Pope’s July visit to Canada focused on Indigenous healing and reconciliation
On May 13, the Holy See Press Office announced that Pope Francis, “having accepted invitations from civil and ecclesiastical authorities, as well as the Indigenous communities,” will travel to Canada from July 24 – 30 and visit the cities of Edmonton, Québec, and Iqaluit.
The announcement came exactly six weeks after the Pope said he felt “sorrow and shame” for the “deplorable conduct” of Catholic Church members who ran the residential schools in Canada and asked for God’s forgiveness: “I want to say to you with all my heart, I am very sorry. And I join my brothers, Canadian bishops, in asking your pardon.”
The Pope issued the apology on April 1 during the closing event of a weeklong series of meetings with First Nations, Inuit, and Métis delegates who shared personal stories about the impact and ongoing legacy of church-run residential schools. The Pope said he had been enriched by the delegate’s words and looked forward to benefiting from them again when he visited “where your families live.” He promised to travel to Canada “in the days” around the Feast of Saint Anne on July 26.
The Indigenous representatives who were part of the delegation in Rome emphasized the importance of having the Pope apologize directly to Survivors and their families on their territories and in their communities.
Following the Pope’s address, Assembly of First Nations delegation lead, Dene Nation national chief, and residential school Survivor Gerald Antoine said: “Today is a day that we’ve been waiting for, and certainly one that will be uplifted in our history. The next step is for the Holy Father to apologize to our family at their home…they also seek the words of apology at home.”
The May 13 announcement about the upcoming visit mentions that Edmonton has the second-largest urban Indigenous population in Canada and that 25 residential schools were in Alberta, the most of any Canadian province or territory. Regarding Iqaluit, the statement notes that it has the highest per capita population of Inuit (3,900) of any Canadian city with more than 5,000 people. Qubec City is home to Ste. Anne-de-Beaupré, one of the oldest and most popular pilgrimage sites in North America.
In a separate statement on the same day as the Vatican announcement, the President of the Canadian Conference of Catholic Bishops (CCCB), Bishop Raymond Poisson, said “We are immensely grateful that the Holy Father has accepted our invitation to continue the journey of healing and reconciliation with Indigenous Peoples of this land.”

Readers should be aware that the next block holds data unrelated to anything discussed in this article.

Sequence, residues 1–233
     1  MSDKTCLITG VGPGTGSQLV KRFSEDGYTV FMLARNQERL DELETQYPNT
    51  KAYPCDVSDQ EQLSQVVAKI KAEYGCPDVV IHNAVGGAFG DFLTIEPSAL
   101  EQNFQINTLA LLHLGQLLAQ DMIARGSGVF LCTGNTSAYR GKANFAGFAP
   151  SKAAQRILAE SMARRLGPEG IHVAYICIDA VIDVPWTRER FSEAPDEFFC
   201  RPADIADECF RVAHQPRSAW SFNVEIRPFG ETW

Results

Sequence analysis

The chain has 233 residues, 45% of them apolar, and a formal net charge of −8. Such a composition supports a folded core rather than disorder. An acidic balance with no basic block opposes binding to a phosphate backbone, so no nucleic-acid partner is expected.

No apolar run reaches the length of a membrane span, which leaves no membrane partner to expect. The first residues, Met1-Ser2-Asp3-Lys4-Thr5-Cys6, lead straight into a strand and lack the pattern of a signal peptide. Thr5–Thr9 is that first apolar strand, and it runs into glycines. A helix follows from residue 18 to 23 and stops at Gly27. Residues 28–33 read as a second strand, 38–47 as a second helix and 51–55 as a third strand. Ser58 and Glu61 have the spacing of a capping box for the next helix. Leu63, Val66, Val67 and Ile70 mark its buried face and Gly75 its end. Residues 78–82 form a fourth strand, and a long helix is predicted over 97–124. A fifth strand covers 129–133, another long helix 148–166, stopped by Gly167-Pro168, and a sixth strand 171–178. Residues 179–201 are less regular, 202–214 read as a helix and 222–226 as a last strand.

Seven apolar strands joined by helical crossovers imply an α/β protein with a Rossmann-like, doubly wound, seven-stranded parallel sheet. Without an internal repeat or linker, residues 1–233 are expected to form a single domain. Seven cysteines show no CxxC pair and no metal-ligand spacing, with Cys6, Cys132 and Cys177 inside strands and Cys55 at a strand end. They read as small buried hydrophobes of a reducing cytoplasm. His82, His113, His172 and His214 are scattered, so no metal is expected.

Archbishop Richard Smith, the Archbishop of Edmonton, has been appointed General Coordinator for the Papal Visit. The archbishop was part of the delegation to Rome in March.
According to the CCCB, “specific sites and a formal program will be developed in dialogue with Indigenous partners at the local and national level. Given the focus on Indigenous healing and reconciliation, the Holy Father is expected to visit the site of a former residential school.”
A full program with details about events, activities, and how people can participate is expected soon.
More information is also available at papalvisit.ca, which includes answers to “11 Questions About the Papal Visit.” Question number 1 asks when and why Pope Francis is coming to Canada and part of the answer is that it “will provide a unique opportunity for him, once again, to listen and dialogue with Indigenous Peoples, to express his heartfelt closeness and to address the impact of colonization and the participation of the Catholic Church in the operation of residential schools throughout Canada.”
The answer to question number 3, which asks: “How will Indigenous Peoples participate in the preparation of the Papal Visit?” is: “Indigenous Peoples have been engaged throughout the planning for the Papal Visit to Canada. These conversations began with delegates preparing to visit the Vatican in March/April 2022 and continued during their private meetings with Pope Francis as well as ongoing dialogue with a working group of Canadian Bishops. Indigenous partners have also been involved in advance visits to possible sites for the Papal Visit. With confirmation of dates and general locations of the visit, the focus, themes, and programming of the visit will also be shaped in dialogue with Indigenous partners.”
In 2015, the Truth and Reconciliation Commission of Canada (TRC: Calls to Action – DocumentCloud) called on the Pope “to issue an apology to Survivors, their families, and communities for the Roman Catholic Church’s role in the spiritual, cultural, emotional, physical, and sexual abuse of First Nations, Inuit, and Métis children in Catholic-run residential schools. We call for that apology to be similar to the 2010 apology issued to Irish victims of abuse and to occur within one year of the issuing of the Report and to be delivered by the Pope in Canada.”
By Ed Bianchi, Manager of Ecumenical and Network Development at KAIROS.
Photo: General Audience with Pope Francis” by Catholic Church (England and Wales) is licensed under CC BY-NC-SA 2.0. To view a copy of this license, visit https://creativecommons.org/licenses/by-nc-sa/2.0/?ref=openverse.